"Josh Vandiver never expected to become an activist. A sixth-year graduate student at Princeton University, he planned to spend this spring finishing his dissertation and enjoying his new life with his husband of a year and a half, Henry Velandia.
Instead, they’re in the middle of a fight to keep their marriage together. Velandia, who first came to the U.S. from Venezuela in 2002 on a visitor visa, is facing deportation. Although they married legally in Connecticut and have been together since 2006, Velandia is unable to qualify for a spouse visa because the couple is in a same-sex marriage.
The two are now among the most prominent voices calling for a moratorium on deportations of individuals in same-sex marriages while Congress and the federal courts determine the fate of the 1996 Defense of Marriage Act (DOMA).
DOMA prohibits the federal government from recognizing same-sex marriages, which means these couples do not receive typical marriage benefits, including the ability to sponsor a spouse for immigration.
“Our fight is to stay together,” Velandia said in an interview. “We hope that the government will realize the damage DOMA is causing to many couples in our position.”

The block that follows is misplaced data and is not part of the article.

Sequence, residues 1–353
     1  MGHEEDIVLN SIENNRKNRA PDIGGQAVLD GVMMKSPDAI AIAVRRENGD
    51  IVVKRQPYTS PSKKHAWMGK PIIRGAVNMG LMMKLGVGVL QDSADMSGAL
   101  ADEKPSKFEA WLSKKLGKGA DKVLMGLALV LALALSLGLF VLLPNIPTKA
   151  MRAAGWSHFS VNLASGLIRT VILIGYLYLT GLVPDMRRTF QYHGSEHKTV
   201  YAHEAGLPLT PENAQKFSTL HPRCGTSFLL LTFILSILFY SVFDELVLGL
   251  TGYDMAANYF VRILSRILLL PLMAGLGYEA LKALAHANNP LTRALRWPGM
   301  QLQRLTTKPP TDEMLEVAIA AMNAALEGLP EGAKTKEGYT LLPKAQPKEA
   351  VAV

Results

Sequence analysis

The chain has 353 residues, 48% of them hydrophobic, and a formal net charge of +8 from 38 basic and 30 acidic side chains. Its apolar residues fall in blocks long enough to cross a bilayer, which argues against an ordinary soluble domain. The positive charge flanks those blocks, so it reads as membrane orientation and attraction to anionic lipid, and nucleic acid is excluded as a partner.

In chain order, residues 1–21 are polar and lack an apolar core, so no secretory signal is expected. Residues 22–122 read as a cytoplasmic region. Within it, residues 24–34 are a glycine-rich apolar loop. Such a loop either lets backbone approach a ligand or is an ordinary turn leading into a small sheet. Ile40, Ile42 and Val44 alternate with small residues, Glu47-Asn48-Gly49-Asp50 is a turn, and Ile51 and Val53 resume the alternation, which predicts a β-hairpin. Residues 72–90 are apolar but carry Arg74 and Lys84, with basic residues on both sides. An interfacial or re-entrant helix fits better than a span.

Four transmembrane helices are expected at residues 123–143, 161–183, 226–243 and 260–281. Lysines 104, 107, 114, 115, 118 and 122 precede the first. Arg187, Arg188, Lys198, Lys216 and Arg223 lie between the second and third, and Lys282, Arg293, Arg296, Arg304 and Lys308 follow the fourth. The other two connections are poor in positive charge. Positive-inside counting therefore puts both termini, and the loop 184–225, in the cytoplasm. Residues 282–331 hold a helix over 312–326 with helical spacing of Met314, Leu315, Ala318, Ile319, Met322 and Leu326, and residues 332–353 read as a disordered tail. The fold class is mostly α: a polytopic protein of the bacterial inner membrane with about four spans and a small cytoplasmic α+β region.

At first, Velandia and Vindiver weren’t optimistic. But after President Obama and Attorney General Eric Holder recently announced that the administration believes DOMA is unconstitutional, Vandiver and Velandia have new hope for success.
The president’s statement doesn’t change the law. But, as their attorney Lavi Soloway explains, it does change how we understand the position they’re in.
“Henry is now prohibited from getting a green card on the basis of a law that the president thinks is unconstitutional, that has been found unconstitutional by a federal district court judge, and that Congress is now working to repeal,” Soloway said."